When National Bobblehead Day Isn’t A Laughing Matter By Paula Jacobs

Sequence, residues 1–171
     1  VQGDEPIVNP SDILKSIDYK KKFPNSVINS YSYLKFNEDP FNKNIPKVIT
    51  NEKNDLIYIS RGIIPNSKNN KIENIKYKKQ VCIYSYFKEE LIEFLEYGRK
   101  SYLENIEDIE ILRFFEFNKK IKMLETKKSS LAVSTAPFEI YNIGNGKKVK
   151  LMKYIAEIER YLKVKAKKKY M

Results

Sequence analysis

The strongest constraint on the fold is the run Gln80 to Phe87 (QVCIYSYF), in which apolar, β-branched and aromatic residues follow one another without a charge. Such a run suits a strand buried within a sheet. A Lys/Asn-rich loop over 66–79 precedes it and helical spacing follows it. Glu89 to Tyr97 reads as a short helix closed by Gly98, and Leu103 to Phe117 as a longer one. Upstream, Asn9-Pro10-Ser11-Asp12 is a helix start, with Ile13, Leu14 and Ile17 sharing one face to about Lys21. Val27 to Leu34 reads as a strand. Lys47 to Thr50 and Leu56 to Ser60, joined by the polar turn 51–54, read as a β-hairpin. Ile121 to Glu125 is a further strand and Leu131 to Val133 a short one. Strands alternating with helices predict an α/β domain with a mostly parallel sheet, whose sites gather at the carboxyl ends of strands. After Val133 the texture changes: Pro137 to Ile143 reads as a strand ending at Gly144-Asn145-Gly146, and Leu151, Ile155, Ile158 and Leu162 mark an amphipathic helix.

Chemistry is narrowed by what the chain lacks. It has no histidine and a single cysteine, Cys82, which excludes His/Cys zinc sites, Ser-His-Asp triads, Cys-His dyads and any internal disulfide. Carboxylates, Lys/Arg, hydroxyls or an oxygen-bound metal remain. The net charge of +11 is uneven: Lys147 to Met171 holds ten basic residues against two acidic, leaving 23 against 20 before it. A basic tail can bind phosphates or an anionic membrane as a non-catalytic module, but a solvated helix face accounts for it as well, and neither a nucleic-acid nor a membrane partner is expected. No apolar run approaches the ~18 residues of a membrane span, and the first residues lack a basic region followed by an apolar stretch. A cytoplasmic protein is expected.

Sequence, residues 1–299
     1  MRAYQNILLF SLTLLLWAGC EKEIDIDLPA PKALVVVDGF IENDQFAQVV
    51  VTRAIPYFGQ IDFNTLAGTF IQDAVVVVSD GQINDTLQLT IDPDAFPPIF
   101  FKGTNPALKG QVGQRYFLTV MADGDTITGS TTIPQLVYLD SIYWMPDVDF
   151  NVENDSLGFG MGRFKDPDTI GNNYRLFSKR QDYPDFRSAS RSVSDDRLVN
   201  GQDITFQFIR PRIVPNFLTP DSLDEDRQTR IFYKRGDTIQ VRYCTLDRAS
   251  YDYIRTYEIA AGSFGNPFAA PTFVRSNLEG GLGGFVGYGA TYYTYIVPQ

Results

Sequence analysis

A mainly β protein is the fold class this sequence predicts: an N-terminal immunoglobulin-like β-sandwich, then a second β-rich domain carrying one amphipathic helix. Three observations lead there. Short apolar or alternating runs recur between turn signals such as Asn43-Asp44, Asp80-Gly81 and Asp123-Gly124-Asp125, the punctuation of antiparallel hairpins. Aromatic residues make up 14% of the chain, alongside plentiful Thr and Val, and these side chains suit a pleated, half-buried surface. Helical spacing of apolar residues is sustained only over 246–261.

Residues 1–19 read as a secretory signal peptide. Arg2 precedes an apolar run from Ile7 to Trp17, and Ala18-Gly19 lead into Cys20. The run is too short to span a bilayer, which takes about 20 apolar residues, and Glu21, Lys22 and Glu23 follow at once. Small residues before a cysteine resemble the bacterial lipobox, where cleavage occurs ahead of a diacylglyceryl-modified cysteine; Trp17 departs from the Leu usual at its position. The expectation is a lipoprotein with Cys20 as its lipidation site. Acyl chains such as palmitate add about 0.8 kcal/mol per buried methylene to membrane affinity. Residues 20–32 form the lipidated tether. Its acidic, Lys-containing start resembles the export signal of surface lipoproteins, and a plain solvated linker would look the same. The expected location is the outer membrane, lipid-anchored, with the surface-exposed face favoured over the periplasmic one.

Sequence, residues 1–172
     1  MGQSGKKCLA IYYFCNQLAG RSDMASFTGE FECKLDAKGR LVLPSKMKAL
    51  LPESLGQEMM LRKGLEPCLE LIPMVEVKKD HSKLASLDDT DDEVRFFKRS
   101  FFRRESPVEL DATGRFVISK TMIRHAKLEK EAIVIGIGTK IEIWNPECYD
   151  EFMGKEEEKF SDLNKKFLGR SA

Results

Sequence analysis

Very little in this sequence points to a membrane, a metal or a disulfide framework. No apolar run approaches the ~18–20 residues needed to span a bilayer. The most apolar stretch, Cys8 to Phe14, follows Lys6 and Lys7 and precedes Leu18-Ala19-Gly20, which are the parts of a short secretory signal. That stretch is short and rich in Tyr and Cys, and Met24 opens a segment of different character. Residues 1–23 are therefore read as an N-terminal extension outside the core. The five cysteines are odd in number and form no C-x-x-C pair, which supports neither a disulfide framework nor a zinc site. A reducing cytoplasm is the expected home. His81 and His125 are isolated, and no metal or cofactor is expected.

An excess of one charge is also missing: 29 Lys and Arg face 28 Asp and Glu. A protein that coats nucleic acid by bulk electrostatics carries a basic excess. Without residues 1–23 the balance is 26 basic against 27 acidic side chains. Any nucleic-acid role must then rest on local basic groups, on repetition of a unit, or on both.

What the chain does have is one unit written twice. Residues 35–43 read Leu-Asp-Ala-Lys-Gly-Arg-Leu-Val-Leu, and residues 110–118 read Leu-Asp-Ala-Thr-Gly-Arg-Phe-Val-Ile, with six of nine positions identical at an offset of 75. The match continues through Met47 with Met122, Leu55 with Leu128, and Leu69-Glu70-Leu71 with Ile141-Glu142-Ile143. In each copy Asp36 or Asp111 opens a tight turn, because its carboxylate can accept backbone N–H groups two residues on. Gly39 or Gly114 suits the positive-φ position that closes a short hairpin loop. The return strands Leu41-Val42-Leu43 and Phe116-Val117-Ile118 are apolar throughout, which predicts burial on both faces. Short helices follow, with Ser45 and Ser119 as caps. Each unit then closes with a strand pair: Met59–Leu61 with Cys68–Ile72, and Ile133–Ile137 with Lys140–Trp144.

Mark your calendar: January 7th is the 3rd Annual Bobblehead Day. Ordinarily I would pay as little attention to National Bobblehead Day as to “Name Your Car Day” and those sundry national calendar days promoted on social media feeds. But during these extraordinary times, I can’t stop thinking about the bobblehead that I inherited — a troubling stereotype which I’ve stashed away out of sight. The doll is a caricature of a kippah-wearing, dark-haired Jew with a large and prominent red nose, drooping eyelids, and fat, thick lips. This figurine bears the caption, “Have Yamalke [sic] Will Travel,” a phrase likely derived from “Have Gun Will Travel,” a television show popular in the early sixties. While Jewish kitsch can be humorous, it’s not always a laughing matter. These days, as anti-Semitism rears its ugly head, we need to think seriously about the intrinsic meaning of the seemingly harmless dreck that adorns the shelves of our homes, souvenir shops and social media pages. x We scream and yell when swastikas appear on our walls, when anti-Semitic epithets are hurled at high school sports games, and when books such as Mein Kampf or The Protocols of the Elders of Zion resurface on bookseller shelves. Yet when it comes to cutesy -— or maybe not so cute —- Jewish kitsch, we often turn the other cheek or shrug these tchotchkes off like tasteless jokes. Rather than dismissing these items merely as silly stuff, we need to bear in mind the pernicious consequences when hate groups launch pictorial assaults, distribute anti-Semitic memes, and post defamatory tweets that spew hatred and encourage bigotry. As we learned during the recent presidential campaign, white supremacists are extremely skillful in using social media to disseminate their hateful ideology, promote a racist agenda, and stir up anti-Semitism and racial violence. The emergence of the alt-right as a loud and vocal force today requires heightened sensitivity to bobbleheads and other kitsch commercially available or displayed on the web. That includes careful monitoring of anti-Semitic objects and any items that negatively portray and stereotype racial, ethnic, minority, and marginalized groups. We also need to determine where to draw the line between the acceptable and what’s downright offensive or blatantly anti-Semitic. A hassidic action figure may seem tasteless but it pales in comparison to the item advertised last year on an Internet auction site as “an anti-Semitic bobble-head money box bank” depicting a begging Jew. Jews must be hyper-vigilant considering our long history with anti-Semitism throughout the centuries. We know far too well from experience the far-reaching consequences of anti-Semitic caricatures — from anti-Jewish images during the Middle Ages to cartoons of hook-nosed Jews published in Der Stürmer as Nazi propaganda material, and more recently, anti-Semitic memes and images which have contributed to the recent uptick in anti-Semitic incidents across America. When we discover such objects marketed commercially or encounter pictorial and verbal assaults from the alt-right, we should act quickly, decisively, and proactively. In addition to publicizing these finds, it’s important to contact human rights groups such as the ADL or the SPLC. We also need to examine these items critically, from both an historical and contemporary perspective. In today’s environment I see the “Have Yamalke Will Travel” bobble-head as a distasteful and provocative object. In the 1960’s, American Jews may have simply viewed this item as a funny figurine, perhaps a symbol of Jewish acculturation into the fabric of American life — an America where they felt safe and secure and where they could wear their Jewish identity, i.e. kippot, openly and proudly. Displaying a tacky item fifty years ago in the privacy of one’s home was one matter. But in the digital age, an online posting goes viral and can be shared instantly with millions of viewers, including Internet trolls who use pictorial images to stoke the flames. For example, when Jewish groups protested that an Anne Frank bobble-head was in poor taste, it became fodder for white supremacist sites such as The Daily Stormer, right-wing bloggers, and Internet trolls who used it to their advantage to vilify Jews and disparage the Holocaust. So what do I do with that bobble-head that’s in my possession? I’m certainly not displaying it in my home. Nor do I intend to sell something that could get into the wrong hands and be used for sinister purposes. I also will not dump this model in the trash because of its historical and educational value — as a way to educate about the impact of negative caricatures to promote racial violence, genocide, and hate crimes. Instead, I plan to donate this item to a school, museum, or human rights organization that can use this piece as a teaching tool.